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Scientists have developed a new pain-free filling that allows cavities to be repaired without drilling or injections.
The tooth-rebuilding technique developed at King's College London does away with fillings and instead encourages teeth to repair themselves.
Tooth decay is normally removed by drilling, after which the cavity is filled with a material such as amalgam or composite resin.
The new treatment, called Electrically Accelerated and Enhanced Remineralisation (EAER), accelerates the natural movement of calcium and phosphate minerals into the damaged tooth.
A two-step process first prepares the damaged area of enamel, then uses a tiny electric current to push minerals into the repair site. It could be available within three years.
originally posted by: rickymouse
I'll have to get my teeth out of the cup in the cupboard, I had got them when they were pulled, and get them fixed up. I still have dental on my insurance even though I do not have teeth.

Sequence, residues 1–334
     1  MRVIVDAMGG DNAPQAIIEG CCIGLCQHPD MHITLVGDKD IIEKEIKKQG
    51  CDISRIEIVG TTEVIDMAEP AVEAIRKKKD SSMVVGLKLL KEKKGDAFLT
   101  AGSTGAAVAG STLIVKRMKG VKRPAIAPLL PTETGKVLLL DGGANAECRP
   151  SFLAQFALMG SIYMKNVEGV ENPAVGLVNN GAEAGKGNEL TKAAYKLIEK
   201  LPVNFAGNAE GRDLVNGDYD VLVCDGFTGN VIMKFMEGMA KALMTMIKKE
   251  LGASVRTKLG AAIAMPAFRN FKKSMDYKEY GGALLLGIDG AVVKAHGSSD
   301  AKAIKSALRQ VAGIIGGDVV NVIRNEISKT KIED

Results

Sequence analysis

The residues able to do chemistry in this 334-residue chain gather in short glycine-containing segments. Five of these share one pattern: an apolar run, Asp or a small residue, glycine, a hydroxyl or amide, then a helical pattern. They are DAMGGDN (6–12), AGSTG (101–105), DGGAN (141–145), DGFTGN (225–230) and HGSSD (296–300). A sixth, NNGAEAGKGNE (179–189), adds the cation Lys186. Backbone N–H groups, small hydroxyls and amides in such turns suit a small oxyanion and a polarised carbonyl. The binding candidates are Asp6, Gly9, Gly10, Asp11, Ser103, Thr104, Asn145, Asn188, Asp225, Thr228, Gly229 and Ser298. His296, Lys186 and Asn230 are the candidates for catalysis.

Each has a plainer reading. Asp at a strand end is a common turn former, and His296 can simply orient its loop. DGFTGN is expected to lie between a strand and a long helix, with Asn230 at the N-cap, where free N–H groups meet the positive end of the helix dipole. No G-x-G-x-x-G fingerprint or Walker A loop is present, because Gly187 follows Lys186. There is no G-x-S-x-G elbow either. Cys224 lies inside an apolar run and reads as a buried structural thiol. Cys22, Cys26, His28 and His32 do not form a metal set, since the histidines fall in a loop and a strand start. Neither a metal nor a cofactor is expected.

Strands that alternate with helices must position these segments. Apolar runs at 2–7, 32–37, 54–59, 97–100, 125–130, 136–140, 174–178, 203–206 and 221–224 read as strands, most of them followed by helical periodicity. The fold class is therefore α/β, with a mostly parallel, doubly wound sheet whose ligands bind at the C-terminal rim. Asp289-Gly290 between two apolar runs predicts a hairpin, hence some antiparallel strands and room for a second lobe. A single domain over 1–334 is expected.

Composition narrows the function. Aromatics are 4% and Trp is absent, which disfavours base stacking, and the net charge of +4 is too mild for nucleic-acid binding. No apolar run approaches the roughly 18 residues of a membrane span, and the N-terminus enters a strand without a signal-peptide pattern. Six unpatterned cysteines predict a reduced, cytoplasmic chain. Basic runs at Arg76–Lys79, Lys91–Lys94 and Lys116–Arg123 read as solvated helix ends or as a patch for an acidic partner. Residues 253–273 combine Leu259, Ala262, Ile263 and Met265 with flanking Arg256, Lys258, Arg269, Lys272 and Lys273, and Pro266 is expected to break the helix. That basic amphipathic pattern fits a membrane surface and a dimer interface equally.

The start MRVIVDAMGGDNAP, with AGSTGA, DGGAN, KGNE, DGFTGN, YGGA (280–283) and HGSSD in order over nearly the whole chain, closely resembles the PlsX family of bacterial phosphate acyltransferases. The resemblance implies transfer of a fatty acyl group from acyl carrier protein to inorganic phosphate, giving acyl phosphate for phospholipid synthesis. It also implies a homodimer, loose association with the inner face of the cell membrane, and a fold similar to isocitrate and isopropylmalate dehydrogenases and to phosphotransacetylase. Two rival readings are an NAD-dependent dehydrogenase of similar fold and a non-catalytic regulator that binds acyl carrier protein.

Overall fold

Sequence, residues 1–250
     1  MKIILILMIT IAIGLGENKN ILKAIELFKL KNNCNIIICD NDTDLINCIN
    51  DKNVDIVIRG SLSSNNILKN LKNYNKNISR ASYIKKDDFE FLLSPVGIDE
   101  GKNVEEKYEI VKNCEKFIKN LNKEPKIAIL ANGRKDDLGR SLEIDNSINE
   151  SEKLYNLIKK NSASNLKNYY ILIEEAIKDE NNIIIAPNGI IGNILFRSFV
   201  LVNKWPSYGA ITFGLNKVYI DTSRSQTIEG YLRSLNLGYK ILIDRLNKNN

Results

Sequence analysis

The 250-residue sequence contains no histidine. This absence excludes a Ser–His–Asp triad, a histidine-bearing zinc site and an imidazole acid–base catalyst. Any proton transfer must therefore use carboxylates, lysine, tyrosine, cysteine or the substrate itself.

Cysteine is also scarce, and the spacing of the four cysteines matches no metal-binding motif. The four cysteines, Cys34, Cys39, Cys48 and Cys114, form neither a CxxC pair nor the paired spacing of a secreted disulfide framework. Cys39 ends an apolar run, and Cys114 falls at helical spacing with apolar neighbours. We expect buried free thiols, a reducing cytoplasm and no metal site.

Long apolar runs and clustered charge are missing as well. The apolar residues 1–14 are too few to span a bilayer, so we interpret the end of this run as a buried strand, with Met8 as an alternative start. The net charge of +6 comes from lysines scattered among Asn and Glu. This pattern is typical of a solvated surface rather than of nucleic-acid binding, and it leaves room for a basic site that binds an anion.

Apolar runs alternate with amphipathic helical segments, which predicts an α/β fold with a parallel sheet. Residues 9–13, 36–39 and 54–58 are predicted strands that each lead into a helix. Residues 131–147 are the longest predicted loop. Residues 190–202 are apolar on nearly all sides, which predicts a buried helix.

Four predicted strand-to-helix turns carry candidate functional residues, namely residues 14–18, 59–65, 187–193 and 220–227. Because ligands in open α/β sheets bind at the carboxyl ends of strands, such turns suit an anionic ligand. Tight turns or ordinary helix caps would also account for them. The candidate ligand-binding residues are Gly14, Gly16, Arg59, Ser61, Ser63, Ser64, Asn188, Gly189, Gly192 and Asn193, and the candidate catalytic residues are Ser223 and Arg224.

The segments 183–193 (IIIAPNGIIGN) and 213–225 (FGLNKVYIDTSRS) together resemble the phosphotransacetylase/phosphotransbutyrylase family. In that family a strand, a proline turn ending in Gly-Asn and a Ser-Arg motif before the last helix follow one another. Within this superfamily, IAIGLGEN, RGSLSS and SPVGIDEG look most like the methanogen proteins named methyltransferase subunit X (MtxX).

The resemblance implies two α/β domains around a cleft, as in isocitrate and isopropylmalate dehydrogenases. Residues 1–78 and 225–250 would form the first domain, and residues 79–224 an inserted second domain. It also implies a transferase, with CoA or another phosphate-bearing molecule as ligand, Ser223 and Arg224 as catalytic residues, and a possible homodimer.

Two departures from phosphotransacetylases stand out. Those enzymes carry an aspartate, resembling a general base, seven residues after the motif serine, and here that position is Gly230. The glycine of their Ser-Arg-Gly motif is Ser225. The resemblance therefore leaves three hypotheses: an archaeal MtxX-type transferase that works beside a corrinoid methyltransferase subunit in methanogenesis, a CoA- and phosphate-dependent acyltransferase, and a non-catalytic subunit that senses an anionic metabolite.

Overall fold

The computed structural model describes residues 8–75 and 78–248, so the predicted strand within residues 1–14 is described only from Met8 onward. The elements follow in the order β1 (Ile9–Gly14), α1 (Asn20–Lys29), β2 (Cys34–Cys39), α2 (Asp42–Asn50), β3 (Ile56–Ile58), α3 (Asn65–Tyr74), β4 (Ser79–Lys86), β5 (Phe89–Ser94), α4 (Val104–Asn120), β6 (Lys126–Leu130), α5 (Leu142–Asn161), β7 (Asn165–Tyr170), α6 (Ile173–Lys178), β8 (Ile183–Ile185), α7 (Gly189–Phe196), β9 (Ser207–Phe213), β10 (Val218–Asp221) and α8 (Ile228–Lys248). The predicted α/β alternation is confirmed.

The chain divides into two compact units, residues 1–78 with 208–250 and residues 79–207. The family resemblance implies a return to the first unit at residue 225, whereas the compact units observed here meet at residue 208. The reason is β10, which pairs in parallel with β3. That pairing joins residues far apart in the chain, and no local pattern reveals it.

originally posted by: WeSbO
It will not happen for a long time, or will be very expensive or not used. Dentists are very happy with the current system, patching up, not repairing. Like painting directly over rust, it looks good but not for a very long time.
In another words they would not be making enough money.
"Not only is our device kinder to the patient and better for their teeth, but it's expected to be at least as cost-effective as current dental treatments. Along with fighting tooth decay, our device can also be used to whiten teeth."
A spinout company, Reminova, has been set up to commercialise the research. Based in Perth, Scotland, it is in the process of seeking private investment to develop EAER.
originally posted by: CJCrawley
Three years my arse...
I remember hearing about similar dental innovations decades ago on Tomorrow's World.
Guaranteed I'll be dead buried and forgotten and this news item will mysteriously reappear in some magazine or other.
Just science porn.